Assam Governor Prof Jagdish Mukhi on Thursday visited the flood hit Barpeta and Baksa districts where the over-flowing rivers created havoc, rendering thousands of people homeless.

The Governor during his day-long visit, first arrived Safakamar and took stock of the erosion hit road.

He also visited Chunbari and Bispani areas and inspected the erosion affected places and interacted with the people.

He also visited Mathanguri and inspected the entry point of river Beki which causes perpetual flood and erosion every year.

Visiting the areas in spite of inclement weather, the Governor expressed concern over the extensive soil erosion perpetrated by Beki during its meandering course through Barpeta and Baksa districts.

Notably, river Beki originating from the Himalayan foothills flows in North to South direction.

During its total course, the river passes through the State of Assam and causes major soil erosion particularly in two districts namely Barpeta and Baksa.

Due to heavy carrying of silt, the river Beki has been causing huge erosion in both banks since 2004 and continuing even today in different locations.

On the left bank the most affected reaches are at Elengbari, Chunbari, Bispani, Gobardhana and many others.

On the right bank Odalguri, Tilabasti, Ketekibari, Kurobaha, Bordonga, Pub-Moinbori and others bore the brunt of erosion.

Prof Mukhi inspected several areas where largescale erosion took place.

He said that he will have threadbare discussion with the senior officers of Water Resources department, Soil Erosion department to narrow down the probable causes of erosion and find out scientific solution to this long standing problem.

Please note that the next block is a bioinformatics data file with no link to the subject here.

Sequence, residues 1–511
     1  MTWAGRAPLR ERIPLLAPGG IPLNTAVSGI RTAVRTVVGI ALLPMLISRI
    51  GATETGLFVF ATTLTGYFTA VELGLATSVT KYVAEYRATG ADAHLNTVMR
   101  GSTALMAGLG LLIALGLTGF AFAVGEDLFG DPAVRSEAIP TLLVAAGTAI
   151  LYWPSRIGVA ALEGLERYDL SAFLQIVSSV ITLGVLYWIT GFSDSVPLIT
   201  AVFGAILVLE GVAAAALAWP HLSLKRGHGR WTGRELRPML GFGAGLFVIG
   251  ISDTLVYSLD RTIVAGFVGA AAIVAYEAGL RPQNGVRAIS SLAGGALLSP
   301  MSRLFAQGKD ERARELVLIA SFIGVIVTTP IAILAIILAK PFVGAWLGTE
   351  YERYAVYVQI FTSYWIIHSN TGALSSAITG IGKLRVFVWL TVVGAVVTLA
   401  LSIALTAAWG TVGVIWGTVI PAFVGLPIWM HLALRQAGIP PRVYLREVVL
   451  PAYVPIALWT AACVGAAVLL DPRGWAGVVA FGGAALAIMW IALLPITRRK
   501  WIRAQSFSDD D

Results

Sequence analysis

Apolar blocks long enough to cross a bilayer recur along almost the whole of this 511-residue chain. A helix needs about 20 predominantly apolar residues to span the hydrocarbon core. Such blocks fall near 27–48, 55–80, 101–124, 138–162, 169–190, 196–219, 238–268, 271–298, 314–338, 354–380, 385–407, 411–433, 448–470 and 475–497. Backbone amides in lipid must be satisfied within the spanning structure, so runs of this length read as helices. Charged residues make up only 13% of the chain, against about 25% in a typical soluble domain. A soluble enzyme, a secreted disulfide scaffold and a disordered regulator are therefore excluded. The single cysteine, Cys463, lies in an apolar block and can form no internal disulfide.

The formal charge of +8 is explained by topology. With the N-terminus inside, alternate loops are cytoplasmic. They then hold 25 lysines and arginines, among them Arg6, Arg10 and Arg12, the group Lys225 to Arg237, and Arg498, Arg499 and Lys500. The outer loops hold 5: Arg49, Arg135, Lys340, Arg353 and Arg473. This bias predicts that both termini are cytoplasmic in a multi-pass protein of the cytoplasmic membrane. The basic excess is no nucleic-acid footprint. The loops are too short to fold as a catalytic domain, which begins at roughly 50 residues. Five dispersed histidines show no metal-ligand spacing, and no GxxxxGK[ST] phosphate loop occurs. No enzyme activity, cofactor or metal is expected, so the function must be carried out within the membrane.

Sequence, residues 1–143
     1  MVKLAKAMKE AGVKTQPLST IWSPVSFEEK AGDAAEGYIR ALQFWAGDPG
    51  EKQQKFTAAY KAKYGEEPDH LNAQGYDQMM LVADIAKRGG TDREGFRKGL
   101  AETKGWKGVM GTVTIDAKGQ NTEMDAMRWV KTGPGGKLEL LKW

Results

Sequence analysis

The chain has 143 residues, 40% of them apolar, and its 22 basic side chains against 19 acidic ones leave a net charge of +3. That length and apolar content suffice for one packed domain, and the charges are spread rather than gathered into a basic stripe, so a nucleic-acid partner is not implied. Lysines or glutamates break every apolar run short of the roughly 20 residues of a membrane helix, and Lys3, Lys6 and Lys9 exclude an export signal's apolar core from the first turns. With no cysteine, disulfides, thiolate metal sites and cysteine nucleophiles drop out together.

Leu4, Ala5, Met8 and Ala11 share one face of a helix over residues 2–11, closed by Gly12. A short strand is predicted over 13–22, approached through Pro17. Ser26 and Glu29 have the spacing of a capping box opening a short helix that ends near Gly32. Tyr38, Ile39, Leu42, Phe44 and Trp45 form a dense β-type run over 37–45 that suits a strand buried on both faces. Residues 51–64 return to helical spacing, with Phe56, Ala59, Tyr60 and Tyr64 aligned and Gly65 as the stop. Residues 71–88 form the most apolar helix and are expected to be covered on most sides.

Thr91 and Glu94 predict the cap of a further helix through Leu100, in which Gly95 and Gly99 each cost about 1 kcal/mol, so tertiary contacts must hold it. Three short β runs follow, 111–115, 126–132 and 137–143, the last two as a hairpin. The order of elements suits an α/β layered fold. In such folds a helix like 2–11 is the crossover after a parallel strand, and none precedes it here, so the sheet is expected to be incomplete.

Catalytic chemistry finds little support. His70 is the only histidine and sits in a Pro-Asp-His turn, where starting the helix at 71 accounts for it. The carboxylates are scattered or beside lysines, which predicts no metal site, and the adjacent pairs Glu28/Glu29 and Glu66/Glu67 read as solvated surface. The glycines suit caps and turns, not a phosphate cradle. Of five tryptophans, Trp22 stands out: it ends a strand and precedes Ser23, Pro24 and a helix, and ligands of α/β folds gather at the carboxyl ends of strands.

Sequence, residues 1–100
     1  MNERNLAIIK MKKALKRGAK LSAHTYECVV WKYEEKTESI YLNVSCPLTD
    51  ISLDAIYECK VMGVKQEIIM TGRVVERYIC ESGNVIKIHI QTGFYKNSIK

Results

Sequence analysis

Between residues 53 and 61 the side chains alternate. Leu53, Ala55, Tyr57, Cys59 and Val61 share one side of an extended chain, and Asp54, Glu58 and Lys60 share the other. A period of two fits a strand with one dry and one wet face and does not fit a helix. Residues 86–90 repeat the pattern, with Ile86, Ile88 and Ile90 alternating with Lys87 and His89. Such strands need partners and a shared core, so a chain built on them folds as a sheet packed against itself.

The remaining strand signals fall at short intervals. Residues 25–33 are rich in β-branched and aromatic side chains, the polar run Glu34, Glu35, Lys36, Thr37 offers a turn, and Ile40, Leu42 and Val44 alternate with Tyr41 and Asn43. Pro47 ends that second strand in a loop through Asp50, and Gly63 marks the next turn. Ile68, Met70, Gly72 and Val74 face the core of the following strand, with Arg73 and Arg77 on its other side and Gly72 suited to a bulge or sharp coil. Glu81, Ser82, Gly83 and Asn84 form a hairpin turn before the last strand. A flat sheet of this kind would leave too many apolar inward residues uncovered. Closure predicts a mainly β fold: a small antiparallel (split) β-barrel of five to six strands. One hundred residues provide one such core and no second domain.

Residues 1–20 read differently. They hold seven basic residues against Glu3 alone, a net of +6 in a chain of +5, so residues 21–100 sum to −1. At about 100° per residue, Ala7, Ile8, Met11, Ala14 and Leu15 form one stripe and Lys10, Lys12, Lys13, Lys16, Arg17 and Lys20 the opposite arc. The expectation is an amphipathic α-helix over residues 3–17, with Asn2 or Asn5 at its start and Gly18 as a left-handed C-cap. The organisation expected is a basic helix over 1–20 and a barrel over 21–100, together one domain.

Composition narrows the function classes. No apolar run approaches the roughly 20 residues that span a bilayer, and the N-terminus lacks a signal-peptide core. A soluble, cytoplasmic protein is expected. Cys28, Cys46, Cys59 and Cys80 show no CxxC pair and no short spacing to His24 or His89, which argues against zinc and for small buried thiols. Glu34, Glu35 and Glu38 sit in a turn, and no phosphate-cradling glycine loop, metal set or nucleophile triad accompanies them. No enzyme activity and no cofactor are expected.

The Governor also said that since Beki is the trans-boundary river, sometimes heavy rain in upper reaches causes this river to be over flowing, leading to large scale erosion on both sides of its meandering course in Lower Assam districts.

Moreover, Prof Mukhi taking stock of the magnitude of the flood, asked the district administrations of Baksa and Barpeta to expeditiously reach out to the flood affected people and provide them relief. He also made it clear that the people displaced by flood and presently sheltered in relief camps should be given good quality relief materials.

He also asked the deputy commissioners to make medical facilities available in relief camps and take special care of the infants, pregnant women, lactating mothers and elderly people.

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It may also be noted that in the backdrop of seasonal flood, Barpeta Water Resources Division, executed four number of bank protection works were executed at Gamariguri and Safakamar area.

After execution of these schemes the existing State PWD road to Manas National Park from Barpeta Road had been protected from further erosion.

A scheme at Gamariguri area and another scheme for protection of Barapeta Cattle Farm are going to be executed very soon.

Prof Mukhi also said that in line with studying the course of the Brahmaputra, a study shall also be undertaken to find a durable solution to flood and erosion caused by Beki.

He also said that since the conventional methods of giving porcupine, spars etc did not prove to be effective in controlling erosion, some scientific measures need to be developed to tame the river and stop erosion.

For protection of most affected reaches an integrated scheme under ‘Integrated Flood and Erosion Management of Manas and Beki River in the district of Baksa and Barpeta in Brahmaputra Valley within Assam’ amounting to Rs 203.25 crore has been sent to Central Water Commission, New Delhi for technical clearance and proposed for World Bank Funding.

These measures have become a part of the sequel of steps that the government has been taking to find out the durable solution to the flood and erosion caused by Beki river, the Governor observed.

He also said that he would take up the matter with the central leadership in New Delhi in getting the scheme sanctioned.

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